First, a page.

Florence + The Machine, How Big How Blue How Beautiful, album review: Welch confronts her demons in a frank manner

Crunching rock beats and ambient textures both inhabit this turbulent record

Andy Gill
Saturday 30 May 2015 05:51
High-pitched profits: Limited-edition, Karl Lagerfeld-designed singles from Florence + the Machine cost £50
High-pitched profits: Limited-edition, Karl Lagerfeld-designed singles from Florence + the Machine cost £50

Before recording How Big How Blue How Beautiful, Florence Welch opted for a sabbatical year off – during which, she claims, she experienced “a bit of a nervous breakdown”.

The results of that stressful period are evident throughout the album: compared to the fanciful fantasy preoccupations of previous releases – especially the death and water fixations of Ceremonials – this is Welch facing up to reality, confronting her emotional demons in a frank manner.

In this she’s helped by heavyweight new producer Markus Dravs (Arcade Fire, Coldplay), whose skill in rendering big, bombastic arrangements with clarity is well matched with the Machine’s grandiose sound.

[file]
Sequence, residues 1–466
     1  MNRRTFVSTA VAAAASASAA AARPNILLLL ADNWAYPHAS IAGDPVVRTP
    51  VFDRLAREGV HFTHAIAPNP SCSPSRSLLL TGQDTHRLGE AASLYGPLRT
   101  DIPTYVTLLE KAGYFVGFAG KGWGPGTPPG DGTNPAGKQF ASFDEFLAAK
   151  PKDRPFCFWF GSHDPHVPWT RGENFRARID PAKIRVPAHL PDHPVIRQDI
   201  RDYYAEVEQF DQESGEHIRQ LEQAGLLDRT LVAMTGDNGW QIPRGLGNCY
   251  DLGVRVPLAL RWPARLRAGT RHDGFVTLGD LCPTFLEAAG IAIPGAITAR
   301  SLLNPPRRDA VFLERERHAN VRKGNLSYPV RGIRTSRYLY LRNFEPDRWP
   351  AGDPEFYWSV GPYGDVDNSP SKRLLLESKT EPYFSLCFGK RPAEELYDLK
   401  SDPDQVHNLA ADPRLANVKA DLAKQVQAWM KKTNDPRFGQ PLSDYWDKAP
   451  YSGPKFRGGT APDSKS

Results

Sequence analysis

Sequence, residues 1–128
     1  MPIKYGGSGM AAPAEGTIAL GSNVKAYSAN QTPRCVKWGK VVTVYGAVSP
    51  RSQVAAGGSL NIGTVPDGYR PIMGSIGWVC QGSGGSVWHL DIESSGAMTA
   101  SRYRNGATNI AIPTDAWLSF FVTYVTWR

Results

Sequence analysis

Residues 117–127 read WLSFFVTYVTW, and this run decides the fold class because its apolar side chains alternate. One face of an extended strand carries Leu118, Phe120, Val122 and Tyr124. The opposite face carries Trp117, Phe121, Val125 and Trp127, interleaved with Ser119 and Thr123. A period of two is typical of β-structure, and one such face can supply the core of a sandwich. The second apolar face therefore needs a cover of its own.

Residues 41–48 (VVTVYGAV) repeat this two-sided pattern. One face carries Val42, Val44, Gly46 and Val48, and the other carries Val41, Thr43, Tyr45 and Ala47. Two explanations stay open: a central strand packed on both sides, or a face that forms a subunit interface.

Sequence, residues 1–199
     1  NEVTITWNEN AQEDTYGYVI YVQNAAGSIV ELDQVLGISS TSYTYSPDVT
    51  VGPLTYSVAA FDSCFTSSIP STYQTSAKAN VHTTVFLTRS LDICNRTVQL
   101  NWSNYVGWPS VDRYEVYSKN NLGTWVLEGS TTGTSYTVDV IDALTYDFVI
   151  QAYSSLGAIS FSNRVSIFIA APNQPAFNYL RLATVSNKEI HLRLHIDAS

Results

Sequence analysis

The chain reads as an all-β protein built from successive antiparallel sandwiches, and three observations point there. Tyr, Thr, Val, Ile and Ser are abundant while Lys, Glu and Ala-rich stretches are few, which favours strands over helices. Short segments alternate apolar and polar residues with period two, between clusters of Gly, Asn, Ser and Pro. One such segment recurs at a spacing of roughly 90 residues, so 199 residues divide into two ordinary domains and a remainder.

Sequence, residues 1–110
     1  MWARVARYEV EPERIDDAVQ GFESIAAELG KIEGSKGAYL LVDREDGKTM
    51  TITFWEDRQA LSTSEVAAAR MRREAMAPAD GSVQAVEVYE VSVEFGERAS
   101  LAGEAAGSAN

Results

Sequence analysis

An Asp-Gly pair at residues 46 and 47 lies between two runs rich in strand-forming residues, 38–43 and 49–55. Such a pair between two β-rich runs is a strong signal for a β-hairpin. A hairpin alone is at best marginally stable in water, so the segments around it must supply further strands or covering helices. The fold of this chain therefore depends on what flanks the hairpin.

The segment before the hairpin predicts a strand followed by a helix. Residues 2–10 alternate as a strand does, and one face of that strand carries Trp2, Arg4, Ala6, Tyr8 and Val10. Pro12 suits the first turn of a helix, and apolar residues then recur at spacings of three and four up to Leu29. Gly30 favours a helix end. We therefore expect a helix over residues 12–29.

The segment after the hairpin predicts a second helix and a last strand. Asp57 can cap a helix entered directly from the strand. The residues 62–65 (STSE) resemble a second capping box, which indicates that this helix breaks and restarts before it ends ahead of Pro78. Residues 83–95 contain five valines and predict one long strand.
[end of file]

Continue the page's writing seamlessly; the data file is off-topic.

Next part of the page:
Florence + the Machine's latest album 'How Big How Blue How Beautiful'

Dravs apparently forbade her to write any more songs about water – yet the opening track “Ship to Wreck” breaks that rule with panache, Welch wielding various maritime metaphors for insomniac confusion as she admits she “can’t help but pull the earth around me to make my bed”, a vivid notion whose darkness is echoed in the image of “trying to cross a canyon with a broken limb” in the single “What Kind of Man”.

It’s the first of a string of songs dealing directly or tangentially with a difficult relationship. Here, and in “Queen of Peace”, an ethereal, furtive introduction billows into a huge arrangement of crunching rock band beat further inflated by horns.

The emotional turmoil is better served by the more introspective balladry of “Various Storms and Saints” and “Long and Lost”, where heartbreak is more subtly suggested through ambient background textures, wisps of synthesiser, strings and vibrato guitar. The vaunting, anthemic approach, meanwhile, is much better suited to the assertive messages of “Third Eye” and “Delilah”, whose revival-meeting feel is strongly reminiscent of Arcade Fire. But perhaps the most touching performance here is the lost-cause elegy “St Jude”, where she finally reaches the realisation “Maybe I have always been more comfortable in chaos?”

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